October 7, 2012

On Why We Take


“the entitlees”

The maimed, weak,  the  blurry or blind.

None of us wanted to end up in whatever our situations are.  None of us wished for the cushy life of crippleddom.   And if any one wants to trade  their abilities for a roll up easy street, I’ll sell you  my not so perfect passage for a food stamp.

We hate being “on disability”  as much as we deeply appreciate it.

So, to you, who feel protected, invested and saved, here’s some flashfact:

Other than that 1% cherry at the top of the sundae best, there’s not much to really hold on to when the heat’s on. The health coverage you think you have through your job may be terrific .. But if you get sick, you will lose that job, and that insurance, and that money.  It doesn’t take long.

We the “collectors” mostly collect a lot of excess aggravation and bullshit for whatever puny or punitive  pittance we’re collecting from something we did in the past.

Because we, the entitlees, had past lives: we were pre-existing before our conditions.  We were the soldiers, sisters, brothers, sweetest aunts and favorite uncles who got fucked up by something (disease, war, accident, or birth).  Whatever funds we once had, we now don’t. We  truly are grateful to be getting a few hundred bucks to live on.  And we are very indebted to George W Bush for getting Medicare  to pay for drugs and medication.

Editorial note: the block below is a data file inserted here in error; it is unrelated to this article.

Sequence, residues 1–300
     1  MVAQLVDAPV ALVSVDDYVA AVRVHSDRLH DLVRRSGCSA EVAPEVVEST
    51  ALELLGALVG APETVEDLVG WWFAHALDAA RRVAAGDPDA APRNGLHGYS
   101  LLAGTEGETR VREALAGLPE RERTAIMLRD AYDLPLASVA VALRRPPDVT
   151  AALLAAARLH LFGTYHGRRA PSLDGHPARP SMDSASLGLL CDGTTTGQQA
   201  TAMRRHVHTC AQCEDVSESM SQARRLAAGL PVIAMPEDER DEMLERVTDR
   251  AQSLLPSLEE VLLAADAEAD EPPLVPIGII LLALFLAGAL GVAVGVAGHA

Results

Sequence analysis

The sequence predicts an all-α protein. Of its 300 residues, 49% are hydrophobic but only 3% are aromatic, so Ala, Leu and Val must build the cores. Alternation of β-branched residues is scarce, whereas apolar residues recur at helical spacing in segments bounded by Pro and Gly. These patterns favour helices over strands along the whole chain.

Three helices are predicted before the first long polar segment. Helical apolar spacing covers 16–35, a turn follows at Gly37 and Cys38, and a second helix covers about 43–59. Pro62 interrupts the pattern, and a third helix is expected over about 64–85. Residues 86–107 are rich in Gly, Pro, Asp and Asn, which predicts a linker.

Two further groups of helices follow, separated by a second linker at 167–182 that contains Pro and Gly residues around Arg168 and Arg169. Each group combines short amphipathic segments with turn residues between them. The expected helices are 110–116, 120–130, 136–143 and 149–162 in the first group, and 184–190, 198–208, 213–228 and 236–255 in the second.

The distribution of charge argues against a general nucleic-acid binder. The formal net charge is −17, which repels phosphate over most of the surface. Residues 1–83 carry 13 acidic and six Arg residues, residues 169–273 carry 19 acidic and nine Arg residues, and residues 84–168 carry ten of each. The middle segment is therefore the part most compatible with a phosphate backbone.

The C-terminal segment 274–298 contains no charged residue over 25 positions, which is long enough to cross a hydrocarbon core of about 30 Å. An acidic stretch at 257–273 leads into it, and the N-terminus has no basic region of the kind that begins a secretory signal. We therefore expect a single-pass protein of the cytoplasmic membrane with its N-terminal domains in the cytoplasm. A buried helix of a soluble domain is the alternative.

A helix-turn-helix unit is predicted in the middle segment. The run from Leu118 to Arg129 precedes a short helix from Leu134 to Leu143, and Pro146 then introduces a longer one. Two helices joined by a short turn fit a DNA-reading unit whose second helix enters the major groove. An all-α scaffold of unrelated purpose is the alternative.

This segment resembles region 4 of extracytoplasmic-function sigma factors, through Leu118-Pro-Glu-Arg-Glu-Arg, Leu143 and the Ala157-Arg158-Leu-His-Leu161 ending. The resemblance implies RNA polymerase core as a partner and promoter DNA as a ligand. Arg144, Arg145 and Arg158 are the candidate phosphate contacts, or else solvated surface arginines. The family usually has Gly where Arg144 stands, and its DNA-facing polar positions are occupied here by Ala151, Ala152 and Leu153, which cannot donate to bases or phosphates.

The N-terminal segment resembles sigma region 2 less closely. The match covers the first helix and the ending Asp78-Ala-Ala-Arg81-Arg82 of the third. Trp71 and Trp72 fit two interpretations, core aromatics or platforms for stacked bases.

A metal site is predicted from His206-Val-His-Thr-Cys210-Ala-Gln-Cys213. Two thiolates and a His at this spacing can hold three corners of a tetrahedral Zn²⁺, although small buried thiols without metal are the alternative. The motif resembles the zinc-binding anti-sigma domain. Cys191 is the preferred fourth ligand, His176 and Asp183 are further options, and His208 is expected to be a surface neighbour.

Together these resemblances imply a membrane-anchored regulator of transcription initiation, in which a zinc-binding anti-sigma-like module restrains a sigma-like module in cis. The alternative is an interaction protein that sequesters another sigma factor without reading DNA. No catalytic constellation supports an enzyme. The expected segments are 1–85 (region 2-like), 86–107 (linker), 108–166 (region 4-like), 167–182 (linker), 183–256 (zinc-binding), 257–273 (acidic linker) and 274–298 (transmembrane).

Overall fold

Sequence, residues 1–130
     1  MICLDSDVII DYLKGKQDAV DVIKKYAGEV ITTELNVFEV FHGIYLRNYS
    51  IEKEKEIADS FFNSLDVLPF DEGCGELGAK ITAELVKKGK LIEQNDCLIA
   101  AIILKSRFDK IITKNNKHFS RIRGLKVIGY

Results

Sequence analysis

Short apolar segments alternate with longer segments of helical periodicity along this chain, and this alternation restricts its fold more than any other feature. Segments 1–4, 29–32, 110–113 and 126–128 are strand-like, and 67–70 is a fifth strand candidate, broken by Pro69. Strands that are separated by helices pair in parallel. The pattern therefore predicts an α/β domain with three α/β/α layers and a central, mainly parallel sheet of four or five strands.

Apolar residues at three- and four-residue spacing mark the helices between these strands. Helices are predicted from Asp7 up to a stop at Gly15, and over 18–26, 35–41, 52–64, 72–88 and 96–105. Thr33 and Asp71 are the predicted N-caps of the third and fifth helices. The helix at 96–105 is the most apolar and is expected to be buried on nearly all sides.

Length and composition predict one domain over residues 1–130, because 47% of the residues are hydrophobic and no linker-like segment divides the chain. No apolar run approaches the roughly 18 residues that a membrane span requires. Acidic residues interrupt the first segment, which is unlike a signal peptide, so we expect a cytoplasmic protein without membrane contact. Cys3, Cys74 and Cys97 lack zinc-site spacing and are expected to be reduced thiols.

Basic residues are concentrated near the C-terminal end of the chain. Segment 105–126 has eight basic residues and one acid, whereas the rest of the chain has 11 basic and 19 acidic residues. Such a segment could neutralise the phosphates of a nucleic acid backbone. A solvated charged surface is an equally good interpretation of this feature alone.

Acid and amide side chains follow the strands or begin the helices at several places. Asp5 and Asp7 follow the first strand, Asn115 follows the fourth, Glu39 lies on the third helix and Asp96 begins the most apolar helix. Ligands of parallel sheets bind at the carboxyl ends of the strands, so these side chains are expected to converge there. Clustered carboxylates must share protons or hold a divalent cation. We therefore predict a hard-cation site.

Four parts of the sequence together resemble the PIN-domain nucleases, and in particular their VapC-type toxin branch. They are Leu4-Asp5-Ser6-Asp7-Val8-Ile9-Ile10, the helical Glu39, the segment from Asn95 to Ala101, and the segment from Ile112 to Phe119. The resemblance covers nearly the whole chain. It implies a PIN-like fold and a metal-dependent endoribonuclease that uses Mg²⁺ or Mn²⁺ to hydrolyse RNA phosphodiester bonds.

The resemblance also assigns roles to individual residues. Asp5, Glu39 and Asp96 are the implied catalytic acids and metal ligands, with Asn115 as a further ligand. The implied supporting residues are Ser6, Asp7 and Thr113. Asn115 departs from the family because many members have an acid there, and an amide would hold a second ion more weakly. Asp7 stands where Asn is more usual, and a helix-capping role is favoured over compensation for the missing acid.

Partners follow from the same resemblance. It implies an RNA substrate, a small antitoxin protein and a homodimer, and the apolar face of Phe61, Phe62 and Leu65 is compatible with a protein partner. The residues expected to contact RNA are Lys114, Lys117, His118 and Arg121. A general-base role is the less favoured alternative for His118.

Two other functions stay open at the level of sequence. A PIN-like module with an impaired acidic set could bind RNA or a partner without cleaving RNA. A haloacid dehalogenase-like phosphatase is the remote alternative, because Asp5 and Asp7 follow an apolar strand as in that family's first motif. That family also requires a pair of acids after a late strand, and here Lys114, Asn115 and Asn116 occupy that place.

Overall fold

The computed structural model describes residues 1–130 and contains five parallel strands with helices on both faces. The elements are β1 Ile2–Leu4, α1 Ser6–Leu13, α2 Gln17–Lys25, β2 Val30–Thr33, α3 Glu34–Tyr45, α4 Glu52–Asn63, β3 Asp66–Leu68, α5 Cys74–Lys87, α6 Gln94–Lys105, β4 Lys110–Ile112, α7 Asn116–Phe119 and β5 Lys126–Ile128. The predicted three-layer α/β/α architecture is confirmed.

But you know: you who rarely have to wait and never are denied.  You know you don’t want to be us: always pissing across the tide and begging for what’s right and what was promised: always in the long and always wrong line.

Perhaps I don’t look like you imagine.


I used to be one of your daughters and if the spoon wasn’t silver, it was a worthy replica.  But all of it tarnishes in time and  times can go badly at times.

I’M  NOW A SEMI-PRECIOUS WEASEL. A facsimile of the old me

It started when I lied to my mother. “Everything’s fine; the job is great.”

Truth was, the job was gone, I  had an incurable debilitating disease, and things were decidedly ungreat.  Truth was, I was sliding into poverty and uselessness on a greased pole. Truth was I was becoming the ultimate shame for a good Yankee and Republican family: a dole-rider.

Before their eyes I would loss teeth and hair and start searching trash cans for Muscatel.   I’d start by dropping particles, then acid, then my kids on their heads.  I’d have a pet snake and a boyfriend named “Wha?”

This was when they started praying for a merciful and quick end to the bloodline.  Stop the spread of shame. Sacrifice for the good of the few.

I did feel terribly guilty about it – like the poor old dog who knows he’s not supposed to pee on the carpet, who knows his transgressions attach in effect to his sires, but can’t find a tree in the house.  I felt sheepish – but I moved towards the trough.

And, though it may offend, I believe I am living the American Dream


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